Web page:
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Linking analytics data with design decisions

Monday, March 10th, 2014 by Servage

Today I focus on web redesigning, as the rapidly changing technologies leads many established website owners to consider a redesign, for many reasons. Generally, when a client approaches us for redesigning their site, we mainly concentrate on their needs and expectations for a new design, while taking note of the current problems they face with the old design. Another thing we look for is current design trends and their competitors’ websites.

Unfortunately, we rarely try to determine actual performance issues of the current website by looking at various analytical tools and user research. If we were to review the old data, via tools like Google Analytics, we would gain insight of great designing, that already favors our clients. Of course, Google Analytics is not only important for redesigning, but also useful in the testing of any new web design project. This is particularly true for medium to large websites that demand more long term attention and expectations for good ROI.

Why We Need Analytics in Designing

Now, the million-dollar question is how will analytics software or services help you make design decisions properly? Well, before answering this, we need to have some knowledge about the data types that analytics software provides. Data though, is always in numbers; while our inferences vary, so we can classify data in two types, quantitative and qualitative. When we draw inferences based on data that explains questions, such as who, when, what and where, the data is quantitative.

Data Types in Analytics

Contrast that to data that provides answers to questions of why and how, which results in qualitative data. In most cases, qualitative data does not tell us anything directly. Instead, you have to draw inferences indirectly, which is why they are sometimes referred to as non-numerical data. Instead of measurements and scales, you will find sense factor or defined properties. In fact, we need both kinds of data to make accurate and useful design decisions.

For instance, with numerical data you will get answers like who (visitors) has come (location, device, etc.) on your website and what they have done on it (user journey) as well as from where they came (referrals and source). However, you won’t see any words or numbers that describe why they behave in particular ways. For instance, no-data will directly tell you why some groups remain on particular pages while other groups show a high bounce rate.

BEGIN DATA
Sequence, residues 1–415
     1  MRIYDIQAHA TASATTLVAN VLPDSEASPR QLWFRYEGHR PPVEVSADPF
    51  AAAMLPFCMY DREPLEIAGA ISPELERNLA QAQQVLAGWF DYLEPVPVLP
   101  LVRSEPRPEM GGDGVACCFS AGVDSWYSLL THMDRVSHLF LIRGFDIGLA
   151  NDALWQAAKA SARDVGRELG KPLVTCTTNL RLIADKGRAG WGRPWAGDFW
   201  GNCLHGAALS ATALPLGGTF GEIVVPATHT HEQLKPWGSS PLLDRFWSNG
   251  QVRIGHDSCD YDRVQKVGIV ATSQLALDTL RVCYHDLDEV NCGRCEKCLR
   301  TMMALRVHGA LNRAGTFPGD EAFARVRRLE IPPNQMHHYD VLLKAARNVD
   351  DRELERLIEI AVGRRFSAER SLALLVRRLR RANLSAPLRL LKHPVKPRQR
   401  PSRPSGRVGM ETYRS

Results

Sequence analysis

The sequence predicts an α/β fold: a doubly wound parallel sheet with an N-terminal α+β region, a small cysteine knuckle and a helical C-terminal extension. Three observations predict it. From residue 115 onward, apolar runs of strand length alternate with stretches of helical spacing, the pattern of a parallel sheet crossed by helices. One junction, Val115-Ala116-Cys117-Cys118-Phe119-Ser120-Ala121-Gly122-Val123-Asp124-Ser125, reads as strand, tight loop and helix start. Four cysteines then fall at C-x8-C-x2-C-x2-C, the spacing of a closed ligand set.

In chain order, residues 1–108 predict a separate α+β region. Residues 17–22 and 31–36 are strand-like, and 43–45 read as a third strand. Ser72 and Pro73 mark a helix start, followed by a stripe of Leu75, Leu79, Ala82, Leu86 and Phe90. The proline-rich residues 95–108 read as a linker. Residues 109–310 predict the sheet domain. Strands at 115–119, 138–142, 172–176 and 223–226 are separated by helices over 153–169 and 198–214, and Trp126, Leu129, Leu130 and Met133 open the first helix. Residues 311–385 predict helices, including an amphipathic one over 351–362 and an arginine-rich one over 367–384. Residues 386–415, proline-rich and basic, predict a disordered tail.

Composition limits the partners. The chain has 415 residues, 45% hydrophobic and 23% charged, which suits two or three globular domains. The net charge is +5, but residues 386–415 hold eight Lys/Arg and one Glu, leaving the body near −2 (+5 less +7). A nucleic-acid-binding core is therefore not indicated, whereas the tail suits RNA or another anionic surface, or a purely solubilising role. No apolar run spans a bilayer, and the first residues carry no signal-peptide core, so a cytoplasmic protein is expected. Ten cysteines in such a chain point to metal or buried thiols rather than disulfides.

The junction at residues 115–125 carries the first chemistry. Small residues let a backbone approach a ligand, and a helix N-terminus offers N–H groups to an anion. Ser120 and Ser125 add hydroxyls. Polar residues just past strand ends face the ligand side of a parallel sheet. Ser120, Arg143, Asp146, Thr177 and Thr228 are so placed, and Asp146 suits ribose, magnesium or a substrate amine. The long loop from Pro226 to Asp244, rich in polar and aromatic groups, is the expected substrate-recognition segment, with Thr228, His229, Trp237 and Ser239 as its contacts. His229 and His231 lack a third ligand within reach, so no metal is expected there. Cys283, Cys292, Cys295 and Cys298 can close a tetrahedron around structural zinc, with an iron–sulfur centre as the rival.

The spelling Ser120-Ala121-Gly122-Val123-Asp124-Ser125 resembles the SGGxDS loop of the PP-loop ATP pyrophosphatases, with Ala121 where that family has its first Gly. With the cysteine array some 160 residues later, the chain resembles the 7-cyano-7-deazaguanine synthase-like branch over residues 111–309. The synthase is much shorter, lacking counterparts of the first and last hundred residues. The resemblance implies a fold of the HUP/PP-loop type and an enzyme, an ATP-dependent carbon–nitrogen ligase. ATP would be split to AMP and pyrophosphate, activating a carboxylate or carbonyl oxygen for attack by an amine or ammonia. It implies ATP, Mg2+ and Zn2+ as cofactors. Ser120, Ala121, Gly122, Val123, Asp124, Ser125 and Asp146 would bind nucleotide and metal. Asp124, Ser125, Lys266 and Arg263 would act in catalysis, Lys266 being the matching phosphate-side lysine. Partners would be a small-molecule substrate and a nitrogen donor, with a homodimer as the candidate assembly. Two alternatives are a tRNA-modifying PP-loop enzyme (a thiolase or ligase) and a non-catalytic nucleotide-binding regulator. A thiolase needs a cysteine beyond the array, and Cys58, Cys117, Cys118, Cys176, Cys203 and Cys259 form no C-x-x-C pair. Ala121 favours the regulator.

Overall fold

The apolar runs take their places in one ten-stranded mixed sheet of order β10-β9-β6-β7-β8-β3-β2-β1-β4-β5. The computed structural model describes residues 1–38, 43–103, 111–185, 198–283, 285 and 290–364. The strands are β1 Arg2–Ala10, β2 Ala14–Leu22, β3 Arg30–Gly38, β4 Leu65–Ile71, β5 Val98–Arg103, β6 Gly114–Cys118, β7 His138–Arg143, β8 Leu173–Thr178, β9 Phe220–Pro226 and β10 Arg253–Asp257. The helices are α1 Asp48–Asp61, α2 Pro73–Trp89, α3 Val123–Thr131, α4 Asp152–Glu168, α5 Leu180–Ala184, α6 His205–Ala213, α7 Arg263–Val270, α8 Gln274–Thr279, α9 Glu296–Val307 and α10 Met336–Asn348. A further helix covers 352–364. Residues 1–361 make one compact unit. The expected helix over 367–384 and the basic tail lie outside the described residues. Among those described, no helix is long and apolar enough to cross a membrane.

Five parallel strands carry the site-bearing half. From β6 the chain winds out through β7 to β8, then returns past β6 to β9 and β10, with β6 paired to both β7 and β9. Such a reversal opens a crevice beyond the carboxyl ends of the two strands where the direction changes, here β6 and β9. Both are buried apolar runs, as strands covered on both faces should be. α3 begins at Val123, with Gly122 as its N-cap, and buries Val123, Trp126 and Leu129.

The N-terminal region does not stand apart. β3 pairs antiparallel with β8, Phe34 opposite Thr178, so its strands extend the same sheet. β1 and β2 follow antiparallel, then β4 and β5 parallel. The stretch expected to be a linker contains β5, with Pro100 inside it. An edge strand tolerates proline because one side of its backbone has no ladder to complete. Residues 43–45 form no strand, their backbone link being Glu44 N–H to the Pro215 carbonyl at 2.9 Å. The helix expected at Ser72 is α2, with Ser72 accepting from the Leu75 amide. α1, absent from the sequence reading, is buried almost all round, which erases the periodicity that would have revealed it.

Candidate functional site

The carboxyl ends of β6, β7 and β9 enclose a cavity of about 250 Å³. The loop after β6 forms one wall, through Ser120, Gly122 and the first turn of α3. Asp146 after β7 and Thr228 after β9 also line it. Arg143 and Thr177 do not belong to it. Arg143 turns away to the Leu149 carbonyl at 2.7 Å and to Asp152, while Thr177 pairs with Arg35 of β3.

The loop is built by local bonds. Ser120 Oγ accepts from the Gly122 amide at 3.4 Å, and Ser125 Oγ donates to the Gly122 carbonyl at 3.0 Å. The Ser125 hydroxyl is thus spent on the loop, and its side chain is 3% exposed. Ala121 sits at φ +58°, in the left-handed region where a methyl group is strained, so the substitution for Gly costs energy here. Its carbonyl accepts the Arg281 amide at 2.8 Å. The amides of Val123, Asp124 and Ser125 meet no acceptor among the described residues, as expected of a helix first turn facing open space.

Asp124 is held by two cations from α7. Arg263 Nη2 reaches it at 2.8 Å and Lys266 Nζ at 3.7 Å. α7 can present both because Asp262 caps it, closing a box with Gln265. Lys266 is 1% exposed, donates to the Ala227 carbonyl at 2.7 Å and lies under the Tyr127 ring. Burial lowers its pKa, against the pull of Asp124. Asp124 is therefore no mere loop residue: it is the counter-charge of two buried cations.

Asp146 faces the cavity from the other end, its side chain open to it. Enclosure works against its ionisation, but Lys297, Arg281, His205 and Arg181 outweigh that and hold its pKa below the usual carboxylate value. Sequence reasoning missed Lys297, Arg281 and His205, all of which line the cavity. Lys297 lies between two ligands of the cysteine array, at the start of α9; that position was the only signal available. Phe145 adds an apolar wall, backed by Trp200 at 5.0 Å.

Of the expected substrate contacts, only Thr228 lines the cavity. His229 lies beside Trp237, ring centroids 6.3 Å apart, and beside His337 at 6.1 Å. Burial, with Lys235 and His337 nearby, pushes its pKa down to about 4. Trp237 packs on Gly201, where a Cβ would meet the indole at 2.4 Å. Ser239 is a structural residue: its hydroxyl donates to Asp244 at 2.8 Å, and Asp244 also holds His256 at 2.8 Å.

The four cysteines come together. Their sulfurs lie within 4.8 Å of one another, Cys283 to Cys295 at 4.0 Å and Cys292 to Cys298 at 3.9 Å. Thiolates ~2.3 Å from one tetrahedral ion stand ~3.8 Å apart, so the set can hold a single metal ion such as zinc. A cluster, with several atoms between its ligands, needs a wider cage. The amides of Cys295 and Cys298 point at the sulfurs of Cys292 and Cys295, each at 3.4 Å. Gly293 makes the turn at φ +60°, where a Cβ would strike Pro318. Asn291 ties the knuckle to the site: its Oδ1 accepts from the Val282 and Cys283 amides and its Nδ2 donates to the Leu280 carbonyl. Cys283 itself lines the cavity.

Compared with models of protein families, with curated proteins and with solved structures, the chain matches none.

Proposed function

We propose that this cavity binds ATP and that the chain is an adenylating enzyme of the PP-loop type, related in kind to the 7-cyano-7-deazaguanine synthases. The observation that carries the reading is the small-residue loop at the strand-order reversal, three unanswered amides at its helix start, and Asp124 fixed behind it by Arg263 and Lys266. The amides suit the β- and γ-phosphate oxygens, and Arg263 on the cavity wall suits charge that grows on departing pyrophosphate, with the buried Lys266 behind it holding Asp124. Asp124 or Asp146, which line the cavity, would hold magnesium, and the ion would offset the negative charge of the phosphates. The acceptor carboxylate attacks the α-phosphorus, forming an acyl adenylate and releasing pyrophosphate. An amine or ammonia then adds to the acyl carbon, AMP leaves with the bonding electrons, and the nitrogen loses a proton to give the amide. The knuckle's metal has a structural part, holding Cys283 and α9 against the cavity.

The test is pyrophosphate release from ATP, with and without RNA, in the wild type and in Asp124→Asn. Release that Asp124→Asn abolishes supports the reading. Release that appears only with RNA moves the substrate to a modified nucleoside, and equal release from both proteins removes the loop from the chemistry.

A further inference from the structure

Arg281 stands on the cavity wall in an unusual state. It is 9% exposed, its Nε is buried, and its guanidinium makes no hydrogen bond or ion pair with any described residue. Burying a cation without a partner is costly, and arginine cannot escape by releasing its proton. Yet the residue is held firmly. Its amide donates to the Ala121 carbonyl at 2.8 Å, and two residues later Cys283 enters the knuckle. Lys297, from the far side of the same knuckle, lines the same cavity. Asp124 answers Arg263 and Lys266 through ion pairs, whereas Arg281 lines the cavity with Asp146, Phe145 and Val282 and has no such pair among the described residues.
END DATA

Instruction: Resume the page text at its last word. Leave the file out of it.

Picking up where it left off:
How Analytics Helps

In web design, we need to take different approaches for different page types. For example, we put more emphasis on the design and content quality of a landing page than we do with the About or Contact Us page. Moreover, in designing a landing page, we have a priority of pages that we wish the audience to visit after landing, so we place prominent links and navigating information on landing pages. Therefore, such pages are sometimes termed “exit pages” because their exit rates are always higher, compared to other landing pages. In contrast, some pages are low bounce rate landing pages, because we provide in-depth information right on that page, which keeps visitors engaged longer.

In short, if you carefully review the analytics data of your site, you will find the clues about the content and design quality. Yes design quality, because if your buttons or icons are intimidating or misguiding your visitors, you will observe a higher bounce rate on your informative page.  While the reverse will happen on an exit page if your links are broken or difficult to use. Thus, the user will not arrive on your designated pages, and instead, you will find a reverse bounce rate in user journey.

References & More Reading

Data-Driven Design In The Real World
Web Analytics Segmentation: Do Or Die, There Is No Try!

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